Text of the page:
• Using organic landscaping and lawn care methods, including eco-friendly landscaping tools, prevents pollution of the air, water, and soil.
  • Eco-friendly plantings and irrigation methods save precious water.

The American ideal of the perfect lawn and landscape—maintained with chemical fertilizers, toxic pesticides, gas-powered mowers, and petroleum-powered leaf blowers and trimmers—comes at a high cost to the environment, as well as to human, pet, and wildlife health.

According to the National Academy of Sciences (NAS), American homeowners use 10 times more pesticides per acre than American farmers.[2] The Environmental Working Group (EWG) found agricultural weed killers—including atrazine, cyanazine, metolachlor, and acetochlor—in the tap water of 28 of the 29 cities tested. In 13 cities, average levels of weed killers in the tap water exceeded federal standards.[3]

Gas-powered lawn mowers, leaf vacuums, snow blowers, chain saws, and other power landscaping tools are major polluters, producing high levels of carbon monoxide and ozone-forming hydrocarbons and nitrogen oxides. Ground-level ozone is a triple threat: it impairs lung function, it stunts plant growth, and it's one of the main components of smog.[4] A gas-powered lawn mower produces as much air pollution in one hour as 11 cars; a riding mower as much as 34 cars.[5] A gas-powered leaf blower produces the same amount of emissions in one hour as a car traveling more than 350 miles.[6]

Traditional landscapes and lawns are also a major source of water consumption. Yards account for the most home water usage, followed by toilets and showers. According to the US Geological Survey (USGS), 26 billion gallons of water are used every day in the US. About 30 percent of this—7.8 billion gallons—is for outdoor use, mostly for landscaping.[7]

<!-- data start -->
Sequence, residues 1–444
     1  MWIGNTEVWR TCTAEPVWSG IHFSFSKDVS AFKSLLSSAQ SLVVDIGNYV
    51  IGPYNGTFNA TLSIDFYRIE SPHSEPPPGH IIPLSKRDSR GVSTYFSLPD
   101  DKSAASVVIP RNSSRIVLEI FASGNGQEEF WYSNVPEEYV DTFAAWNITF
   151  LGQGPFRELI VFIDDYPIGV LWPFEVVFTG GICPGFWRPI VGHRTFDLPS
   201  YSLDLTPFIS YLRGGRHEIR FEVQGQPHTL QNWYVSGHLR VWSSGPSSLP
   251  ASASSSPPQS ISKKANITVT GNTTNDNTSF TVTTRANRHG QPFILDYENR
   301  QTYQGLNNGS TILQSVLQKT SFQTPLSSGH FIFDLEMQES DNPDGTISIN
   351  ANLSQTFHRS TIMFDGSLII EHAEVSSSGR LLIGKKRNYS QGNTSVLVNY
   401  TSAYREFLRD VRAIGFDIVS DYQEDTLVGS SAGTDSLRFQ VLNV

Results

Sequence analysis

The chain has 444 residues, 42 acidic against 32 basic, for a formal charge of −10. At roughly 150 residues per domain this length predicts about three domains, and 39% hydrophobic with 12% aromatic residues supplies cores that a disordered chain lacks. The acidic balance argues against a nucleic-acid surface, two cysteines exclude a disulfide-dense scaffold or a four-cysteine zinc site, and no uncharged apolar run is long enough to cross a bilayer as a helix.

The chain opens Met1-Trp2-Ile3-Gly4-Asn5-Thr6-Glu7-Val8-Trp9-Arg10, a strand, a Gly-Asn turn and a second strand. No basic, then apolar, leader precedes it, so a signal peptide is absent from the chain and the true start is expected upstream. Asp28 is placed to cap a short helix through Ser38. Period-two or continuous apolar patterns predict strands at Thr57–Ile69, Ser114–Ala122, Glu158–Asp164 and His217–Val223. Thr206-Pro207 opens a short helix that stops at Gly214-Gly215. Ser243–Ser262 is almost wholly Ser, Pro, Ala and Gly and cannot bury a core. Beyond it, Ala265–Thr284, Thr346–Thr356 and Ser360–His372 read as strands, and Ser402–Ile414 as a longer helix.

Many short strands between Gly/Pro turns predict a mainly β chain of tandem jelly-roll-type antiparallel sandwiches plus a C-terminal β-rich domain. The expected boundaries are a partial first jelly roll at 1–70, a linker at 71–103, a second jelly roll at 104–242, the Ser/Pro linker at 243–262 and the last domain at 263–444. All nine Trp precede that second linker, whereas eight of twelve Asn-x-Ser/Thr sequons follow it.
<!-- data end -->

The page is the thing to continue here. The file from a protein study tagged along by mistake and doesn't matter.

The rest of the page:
Related health issues

Studies link organophosphates, a common class of agricultural pesticides, to cancer, fetal abnormalities, chronic fatigue syndrome, and Parkinson's disease.[8] Women who are diagnosed with breast cancer have a five to nine times higher likelihood of having pesticide residues in their blood than those who don't have breast cancer.[8] One study in California found that infants exposed to herbicides before the age of one are 10 times more likely to develop early persistent asthma.[9] Infants, young children, and developing fetuses can't easily detoxify the majority of pesticides, and are especially susceptible to neurotoxins, since brain and nervous system growth continues until children are about 12 years old.[10]

The excessive carbon monoxide emitted by gas-powered landscaping tools is especially harmful to pregnant women, fetuses, young infants, the elderly, anemics, and people who suffer from certain blood, cardiovascular, or respiratory diseases. Gas-powered leaf blowers spew several pounds of particulate matter into air for every hour of use, which is especially harmful to the elderly and people afflicted with asthma, angina, pneumonia, or other lung and heart ailments. Also at risk are blower operators and those who exercise outdoors.[11][12]

Glossary

  • organophosphates: Pesticides (such as malathion) that are phosphorus-containing organic compounds.